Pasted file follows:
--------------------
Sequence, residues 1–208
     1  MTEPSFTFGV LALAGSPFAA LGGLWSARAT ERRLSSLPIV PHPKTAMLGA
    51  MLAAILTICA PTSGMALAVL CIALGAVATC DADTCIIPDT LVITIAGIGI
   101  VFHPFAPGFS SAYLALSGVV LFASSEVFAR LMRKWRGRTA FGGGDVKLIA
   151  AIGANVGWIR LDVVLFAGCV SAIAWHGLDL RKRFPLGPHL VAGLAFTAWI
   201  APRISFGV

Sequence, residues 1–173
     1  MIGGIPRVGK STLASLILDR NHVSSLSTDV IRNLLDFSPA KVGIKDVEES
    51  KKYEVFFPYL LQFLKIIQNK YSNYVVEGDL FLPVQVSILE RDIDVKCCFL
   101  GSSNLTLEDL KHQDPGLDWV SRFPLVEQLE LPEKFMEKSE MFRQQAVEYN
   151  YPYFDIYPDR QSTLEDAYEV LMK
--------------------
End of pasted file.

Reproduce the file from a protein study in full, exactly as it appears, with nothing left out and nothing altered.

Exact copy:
Sequence, residues 1–208
     1  MTEPSFTFGV LALAGSPFAA LGGLWSARAT ERRLSSLPIV PHPKTAMLGA
    51  MLAAILTICA PTSGMALAVL CIALGAVATC DADTCIIPDT LVITIAGIGI
   101  VFHPFAPGFS SAYLALSGVV LFASSEVFAR LMRKWRGRTA FGGGDVKLIA
   151  AIGANVGWIR LDVVLFAGCV SAIAWHGLDL RKRFPLGPHL VAGLAFTAWI
   201  APRISFGV

Sequence, residues 1–173
     1  MIGGIPRVGK STLASLILDR NHVSSLSTDV IRNLLDFSPA KVGIKDVEES
    51  KKYEVFFPYL LQFLKIIQNK YSNYVVEGDL FLPVQVSILE RDIDVKCCFL
   101  GSSNLTLEDL KHQDPGLDWV SRFPLVEQLE LPEKFMEKSE MFRQQAVEYN
   151  YPYFDIYPDR QSTLEDAYEV LMK